In my estimate he could be the biggest underachiever on the PGA Tour. He has lot’s of runner-up finishes (14 in his career) including two at the Sony but nobody has more top-tens (8) at the Sony than Howell. You would have to think that once he would back into a tournament, has been in position to win a lot.

Best of the rest:

Russell Henley

2015 ’14 ’13 ’12 ’11 ’10 ’09 ’08 ’07 ’06 ’05 ’04 ’03
T51 Win

Has a lot of good features that makes him stand out at Waialae.

Matt Kuchar

2015 ’14 ’13 ’12 ’11 ’10 ’09 ’08 ’07 ’06 ’05 ’04 ’03
T8 T5 T5 CUT CUT 65 CUT CUT CUT

Has done well in his last three starts at Waialae, just needs to shave a shot here and there to win.

Tim Clark

2015 ’14 ’13 ’12 ’11 ’10 ’09 ’08 ’07 ’06 ’05 ’04 ’03
WD 2 T2 T25 T12

This is his type of course to shine on, has shown a liking for Waialae with two runner-up finishes.

Luke Donald

2015 ’14 ’13 ’12 ’11 ’10 ’09 ’08 ’07 ’06 ’05 ’04 ’03
CUT T23 T2 T13 T20 CUT

He has been missing in action the last three years, him playing this week shows that he wants to make a comeback. Did finish runner-up in 2007 so he could be a great darkhorse pick.

Marc Leishman

2015 ’14 ’13 ’12 ’11 ’10 ’09 ’08 ’07 ’06 ’05 ’04 ’03
5 T9 T27 T20 T12

Has the traits to play well on this course, was 5th last year and T9th the year before.

Solid contenders

Harris English

2015 ’14 ’13 ’12 ’11 ’10 ’09 ’08 ’07 ’06 ’05 ’04 ’03
4 T9 T67

Looking to get his game back into shape, good course for him to do it at.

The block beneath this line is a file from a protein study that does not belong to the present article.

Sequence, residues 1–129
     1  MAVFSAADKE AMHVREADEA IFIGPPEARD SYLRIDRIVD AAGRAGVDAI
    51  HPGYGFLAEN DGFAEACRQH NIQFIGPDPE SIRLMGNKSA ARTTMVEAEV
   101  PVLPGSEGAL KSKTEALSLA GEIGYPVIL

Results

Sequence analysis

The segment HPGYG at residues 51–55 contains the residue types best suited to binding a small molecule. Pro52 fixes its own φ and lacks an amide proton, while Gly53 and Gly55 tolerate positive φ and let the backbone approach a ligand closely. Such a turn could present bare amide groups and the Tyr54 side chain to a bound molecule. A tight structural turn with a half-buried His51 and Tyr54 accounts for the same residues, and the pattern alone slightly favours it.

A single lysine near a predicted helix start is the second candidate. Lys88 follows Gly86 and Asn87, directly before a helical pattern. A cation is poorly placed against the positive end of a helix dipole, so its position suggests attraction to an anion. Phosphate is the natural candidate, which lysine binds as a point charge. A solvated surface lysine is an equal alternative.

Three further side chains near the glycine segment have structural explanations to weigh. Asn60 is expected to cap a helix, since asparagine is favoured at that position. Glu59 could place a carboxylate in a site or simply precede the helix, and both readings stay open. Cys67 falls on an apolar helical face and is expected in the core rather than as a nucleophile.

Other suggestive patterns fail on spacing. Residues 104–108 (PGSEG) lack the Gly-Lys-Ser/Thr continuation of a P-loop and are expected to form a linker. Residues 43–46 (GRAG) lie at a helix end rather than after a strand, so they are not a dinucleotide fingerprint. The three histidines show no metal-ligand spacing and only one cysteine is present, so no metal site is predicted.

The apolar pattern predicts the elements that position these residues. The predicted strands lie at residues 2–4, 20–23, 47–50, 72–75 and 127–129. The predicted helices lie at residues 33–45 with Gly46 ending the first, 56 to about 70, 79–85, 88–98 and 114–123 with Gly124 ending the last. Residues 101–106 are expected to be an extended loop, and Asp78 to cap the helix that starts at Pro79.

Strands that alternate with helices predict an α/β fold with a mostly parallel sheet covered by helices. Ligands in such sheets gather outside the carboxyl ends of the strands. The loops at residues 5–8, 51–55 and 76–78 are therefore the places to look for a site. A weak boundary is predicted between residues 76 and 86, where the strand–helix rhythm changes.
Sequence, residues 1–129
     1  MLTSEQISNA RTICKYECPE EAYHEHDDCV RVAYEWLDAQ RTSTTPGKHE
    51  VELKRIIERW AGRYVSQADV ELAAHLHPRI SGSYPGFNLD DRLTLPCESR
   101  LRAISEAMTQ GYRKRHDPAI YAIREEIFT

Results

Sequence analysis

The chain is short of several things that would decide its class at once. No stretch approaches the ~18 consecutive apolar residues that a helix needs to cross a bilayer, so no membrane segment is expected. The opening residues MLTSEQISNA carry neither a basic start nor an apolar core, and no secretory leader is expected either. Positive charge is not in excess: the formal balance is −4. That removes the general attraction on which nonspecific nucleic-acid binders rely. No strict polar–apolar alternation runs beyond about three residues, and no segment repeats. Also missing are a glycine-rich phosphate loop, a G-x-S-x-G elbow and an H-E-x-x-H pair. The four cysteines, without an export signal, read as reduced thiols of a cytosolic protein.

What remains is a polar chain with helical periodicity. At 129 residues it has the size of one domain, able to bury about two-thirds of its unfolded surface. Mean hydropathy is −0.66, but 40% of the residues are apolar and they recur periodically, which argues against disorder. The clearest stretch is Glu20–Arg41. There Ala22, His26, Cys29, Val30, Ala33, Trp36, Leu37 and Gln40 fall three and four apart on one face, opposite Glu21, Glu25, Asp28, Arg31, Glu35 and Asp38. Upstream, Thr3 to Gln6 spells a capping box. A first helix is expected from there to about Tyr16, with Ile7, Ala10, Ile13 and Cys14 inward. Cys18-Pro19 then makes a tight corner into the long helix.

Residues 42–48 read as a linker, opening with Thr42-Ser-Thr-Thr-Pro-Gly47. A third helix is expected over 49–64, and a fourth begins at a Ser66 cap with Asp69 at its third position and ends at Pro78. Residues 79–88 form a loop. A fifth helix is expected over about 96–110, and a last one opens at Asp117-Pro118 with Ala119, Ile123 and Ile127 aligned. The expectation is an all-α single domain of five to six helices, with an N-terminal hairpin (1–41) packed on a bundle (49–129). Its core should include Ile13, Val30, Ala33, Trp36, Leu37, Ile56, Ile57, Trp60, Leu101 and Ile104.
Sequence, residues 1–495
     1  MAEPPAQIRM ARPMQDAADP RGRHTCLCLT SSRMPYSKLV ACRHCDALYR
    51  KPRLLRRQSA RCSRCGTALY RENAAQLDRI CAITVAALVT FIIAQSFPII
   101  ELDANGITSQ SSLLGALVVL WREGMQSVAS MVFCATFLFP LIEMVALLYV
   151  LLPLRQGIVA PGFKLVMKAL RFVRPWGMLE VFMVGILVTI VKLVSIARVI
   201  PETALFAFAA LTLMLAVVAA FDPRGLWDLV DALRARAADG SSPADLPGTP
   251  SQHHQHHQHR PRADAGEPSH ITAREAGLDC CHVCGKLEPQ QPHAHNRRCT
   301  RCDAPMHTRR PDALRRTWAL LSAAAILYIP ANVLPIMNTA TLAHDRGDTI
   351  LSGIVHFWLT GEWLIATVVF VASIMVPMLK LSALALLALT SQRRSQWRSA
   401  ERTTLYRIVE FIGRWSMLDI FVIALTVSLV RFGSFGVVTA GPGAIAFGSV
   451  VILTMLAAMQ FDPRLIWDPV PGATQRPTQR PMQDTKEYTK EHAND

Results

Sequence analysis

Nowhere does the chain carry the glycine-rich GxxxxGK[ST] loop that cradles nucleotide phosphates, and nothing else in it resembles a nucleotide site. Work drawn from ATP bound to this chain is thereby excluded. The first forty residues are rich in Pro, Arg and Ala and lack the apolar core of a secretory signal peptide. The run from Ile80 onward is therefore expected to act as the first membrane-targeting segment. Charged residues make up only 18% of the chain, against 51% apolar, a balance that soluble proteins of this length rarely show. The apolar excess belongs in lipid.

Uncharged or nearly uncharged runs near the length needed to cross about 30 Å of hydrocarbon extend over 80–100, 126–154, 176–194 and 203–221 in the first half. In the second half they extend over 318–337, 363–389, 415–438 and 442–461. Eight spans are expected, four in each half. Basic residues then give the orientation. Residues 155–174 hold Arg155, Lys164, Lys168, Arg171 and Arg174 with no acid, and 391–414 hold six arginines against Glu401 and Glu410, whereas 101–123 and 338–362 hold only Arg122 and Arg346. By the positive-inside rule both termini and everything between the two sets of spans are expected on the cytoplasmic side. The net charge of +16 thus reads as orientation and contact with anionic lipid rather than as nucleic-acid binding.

Zach Johnson

2015 ’14 ’13 ’12 ’11 ’10 ’09 ’08 ’07 ’06 ’05 ’04 ’03
T8 CUT T54 T57 T12 Win T32 T47 CUT

Past champion who can do well, played well at Kapalua but for one bad day.

Jimmy Walker

2015 ’14 ’13 ’12 ’11 ’10 ’09 ’08 ’07 ’06 ’05 ’04 ’03
Win T26 CUT 4 CUT T32 T61 CUT

Tough to bounce back after he didn’t perform well down the stretch last week at Kapalua.

Hideki Matsuyama

2015 ’14 ’13 ’12 ’11 ’10 ’09 ’08 ’07 ’06 ’05 ’04 ’03
CUT CUT CUT

Another player looking to bounce back from a poor Monday at Kapalua, has the game to play well here.

Long shots that could come through:

Tony Finau

2015 ’14 ’13 ’12 ’11 ’10 ’09 ’08 ’07 ’06 ’05 ’04 ’03
CUT

I think one of the best new players on tour, look for good things out of him.

Hudson Swafford

2015 ’14 ’13 ’12 ’11 ’10 ’09 ’08 ’07 ’06 ’05 ’04 ’03
T8

His T-8th last year at Sony is tied for career best event, look for good things out of him as it looks like he plays well on tourist type of courses.

Carlos Ortiz

2015 ’14 ’13 ’12 ’11 ’10 ’09 ’08 ’07 ’06 ’05 ’04 ’03
First time playing in this event

Never played at the Sony but has the kind of stats that are good for course.